A fourth COVID-19 booster vaccine will be made available to a majority of Americans in early September, according to current projections from federal health officials.
This booster vaccine was specifically designed to treat the prevalent BA.4 and BA.5 subvariants of Omicron, as well as to boost immunity on the original strains of SARS-CoV-2 (which is why it is called “bivalent”).
Pfizer’s recall could be available immediately after federal approval, which is expected in early September. Moderna’s booster, however, may roll out at a later date.
Below you will learn: When will these new bivalent booster vaccines be available? who can receive their 4th vaccine this fall; and if the new bivalent booster vaccines will offer better protection against COVID-19.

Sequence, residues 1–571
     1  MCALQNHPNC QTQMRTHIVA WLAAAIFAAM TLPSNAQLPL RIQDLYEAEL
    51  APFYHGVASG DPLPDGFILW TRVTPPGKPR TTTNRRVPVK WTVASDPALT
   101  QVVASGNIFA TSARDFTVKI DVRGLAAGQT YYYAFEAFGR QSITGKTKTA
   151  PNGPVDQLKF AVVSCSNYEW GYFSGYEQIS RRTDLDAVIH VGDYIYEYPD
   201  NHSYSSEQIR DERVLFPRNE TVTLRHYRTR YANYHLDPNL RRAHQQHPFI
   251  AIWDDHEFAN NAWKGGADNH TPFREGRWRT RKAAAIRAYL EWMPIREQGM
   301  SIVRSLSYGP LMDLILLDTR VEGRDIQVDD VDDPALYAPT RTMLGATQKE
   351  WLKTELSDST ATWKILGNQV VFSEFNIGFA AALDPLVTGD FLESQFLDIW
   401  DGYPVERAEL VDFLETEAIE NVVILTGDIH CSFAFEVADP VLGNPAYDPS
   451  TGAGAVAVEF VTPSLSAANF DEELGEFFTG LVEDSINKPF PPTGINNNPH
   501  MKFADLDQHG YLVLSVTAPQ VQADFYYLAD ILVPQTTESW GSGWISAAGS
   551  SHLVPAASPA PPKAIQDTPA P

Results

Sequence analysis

Federal health officials have signaled that Americans who have not yet received a fourth COVID-19 vaccine will be able to do so shortly after Labor Day, according to several reports. Updated booster vaccines made by teams at Pfizer-BioNTech and Moderna aim to reduce the risk of further spread of the Omicron-powered SARS-CoV-2 subvariant this fall. More people will be able to get vaccinated than previous reminders: eligibility will be broader and will include more than the elderly and immunocompromised.
Called “bivalent” vaccines by health officials, these targeted injections specifically target two viruses Sub-variant of Omicron strains, BA.4 and BA.5, which fed the majority of new decisive cases recorded this summer. The current figures shared by the Centers for Disaster Control and Prevention (CDC) show that BA.5 is responsible for over 90% of COVID-19 cases here in the United States right now.
These new booster shots will also aim to rebuild immunity to the original strain of coronavirus that people acquired earlier in the pandemic, explains Bernadette Boden-Albala, MPH, DrPHthe director of the University of California, Irvinepublic health program.